I had a neurophysiotherapist come to my home to help, the exercise made me worse! 
    I would end up in bed with no energy for days.
    I progressed very quickly and was extremely anxious because I was in limbo. I really thought I was going mad.
    I am in a wheelchair, I have a carer who washes me,dresses me etc. I found it so hard for other people to help me.
    I feel like a burden to my children, mum is always too sick to do anything. I look around at my home in frustration, I just want to clean but I can't I have servere OCD too.
    It so scary when you don't know what's  going on and your gp throws every sort of medication at you.
    It's hard to depend on others. This has been a huge transition and was very hard to accept at first. Over time I learned to live and accept the new me as hard as it is.
    I am sending you all positive vibes so hard to stay strong but we have to.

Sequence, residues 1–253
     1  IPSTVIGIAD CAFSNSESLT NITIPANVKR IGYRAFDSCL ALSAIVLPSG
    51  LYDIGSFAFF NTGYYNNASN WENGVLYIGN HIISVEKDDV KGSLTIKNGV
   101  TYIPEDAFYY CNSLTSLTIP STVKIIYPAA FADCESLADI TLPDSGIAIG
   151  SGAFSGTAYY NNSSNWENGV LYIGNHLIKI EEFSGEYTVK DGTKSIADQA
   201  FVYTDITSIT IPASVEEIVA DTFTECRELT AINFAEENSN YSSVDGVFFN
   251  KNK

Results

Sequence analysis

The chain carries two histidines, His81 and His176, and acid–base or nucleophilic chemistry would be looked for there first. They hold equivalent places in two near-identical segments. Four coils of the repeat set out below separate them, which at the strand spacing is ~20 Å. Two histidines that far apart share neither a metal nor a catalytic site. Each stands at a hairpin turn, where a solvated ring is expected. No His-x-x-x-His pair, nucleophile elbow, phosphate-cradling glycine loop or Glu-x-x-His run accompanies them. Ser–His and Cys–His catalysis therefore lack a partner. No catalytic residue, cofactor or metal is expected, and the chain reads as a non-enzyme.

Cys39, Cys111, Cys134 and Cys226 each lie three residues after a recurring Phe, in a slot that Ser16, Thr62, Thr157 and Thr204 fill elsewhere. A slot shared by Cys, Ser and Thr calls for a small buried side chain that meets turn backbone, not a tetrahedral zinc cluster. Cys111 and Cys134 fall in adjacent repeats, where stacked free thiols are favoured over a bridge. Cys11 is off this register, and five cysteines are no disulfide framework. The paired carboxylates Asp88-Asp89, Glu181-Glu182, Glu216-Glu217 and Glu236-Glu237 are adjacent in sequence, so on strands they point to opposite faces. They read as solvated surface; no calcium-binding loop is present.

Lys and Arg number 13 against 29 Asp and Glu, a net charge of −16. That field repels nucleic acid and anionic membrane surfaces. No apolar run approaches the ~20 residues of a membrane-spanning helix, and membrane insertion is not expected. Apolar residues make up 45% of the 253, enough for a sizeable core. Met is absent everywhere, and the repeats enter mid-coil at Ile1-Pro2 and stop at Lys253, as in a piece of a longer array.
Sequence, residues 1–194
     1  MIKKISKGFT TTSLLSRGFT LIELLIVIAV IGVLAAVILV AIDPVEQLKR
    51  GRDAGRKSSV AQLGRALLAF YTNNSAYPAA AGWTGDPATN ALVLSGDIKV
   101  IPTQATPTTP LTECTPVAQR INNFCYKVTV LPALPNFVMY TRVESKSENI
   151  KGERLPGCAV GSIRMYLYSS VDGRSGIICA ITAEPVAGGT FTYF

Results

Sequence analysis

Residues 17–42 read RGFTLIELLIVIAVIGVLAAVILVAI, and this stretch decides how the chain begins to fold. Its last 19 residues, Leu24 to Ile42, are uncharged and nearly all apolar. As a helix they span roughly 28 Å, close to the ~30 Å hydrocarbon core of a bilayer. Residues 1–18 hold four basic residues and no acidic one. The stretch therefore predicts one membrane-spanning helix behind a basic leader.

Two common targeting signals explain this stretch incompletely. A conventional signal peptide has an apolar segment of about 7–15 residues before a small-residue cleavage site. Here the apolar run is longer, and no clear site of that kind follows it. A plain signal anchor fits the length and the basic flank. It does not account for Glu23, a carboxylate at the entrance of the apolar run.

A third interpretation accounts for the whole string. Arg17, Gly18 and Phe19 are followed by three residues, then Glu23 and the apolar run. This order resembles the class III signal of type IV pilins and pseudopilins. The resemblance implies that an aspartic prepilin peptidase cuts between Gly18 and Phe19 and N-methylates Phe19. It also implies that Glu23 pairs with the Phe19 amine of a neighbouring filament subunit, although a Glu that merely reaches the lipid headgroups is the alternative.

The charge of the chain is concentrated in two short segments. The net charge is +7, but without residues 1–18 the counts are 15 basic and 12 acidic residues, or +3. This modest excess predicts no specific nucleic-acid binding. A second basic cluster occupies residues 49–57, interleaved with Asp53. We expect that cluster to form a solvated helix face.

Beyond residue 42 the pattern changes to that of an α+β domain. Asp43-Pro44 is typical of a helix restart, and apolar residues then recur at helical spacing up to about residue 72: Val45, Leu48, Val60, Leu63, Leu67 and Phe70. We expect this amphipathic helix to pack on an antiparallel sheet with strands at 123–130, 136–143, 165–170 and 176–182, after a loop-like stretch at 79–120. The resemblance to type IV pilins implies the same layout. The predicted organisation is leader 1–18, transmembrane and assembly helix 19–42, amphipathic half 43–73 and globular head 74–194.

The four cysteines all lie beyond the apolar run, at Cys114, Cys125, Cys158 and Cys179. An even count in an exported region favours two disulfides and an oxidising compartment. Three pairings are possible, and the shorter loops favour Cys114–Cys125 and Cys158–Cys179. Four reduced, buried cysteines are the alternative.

V xx
  • DragonslayerDragonslayer Member Posts: 634 Pioneering
    Hi there
    After reading some of your posts it makes me think that all I am going through pales to nothing besides what others out there have to deal with. I'm 67 and spent most of my life able bodied. Now I have been disabled for about 5 years and understand a lot more about life and all It entails. It has taken me nearly 3 years to come to grips with my problem and after having many "Dark" thoughts along with much feeling sorry for myself I have finally come to terms with it. That does not mean I like it, or accept it. But now I try looking on the brighter side of life. 
    My disability came on slowly and after a few years of having what I thought were "Normal" pains and trips to the Doctor. I ended up spending much time visiting hospitals, sometimes 3 trips a week.
    One time it was for suspected lung cancer and all that entailed. Another was a big operation for an anurisum found while a had one of many MRI's. (That did at least save my life.)  C. T scans, Xrays, blood tests and other tests I now forget. 
    Result now is, hips have gone, lower spine fused trapping nerves, legs won't work properly, can't stand up straight, constant pain. 
    I'm waffling now so I'll stop. Many thanks for listening.
    Stay safe. Love to all.
    Alan


  • TopkittenTopkitten Member Posts: 1,263 Pioneering
    edited July 2020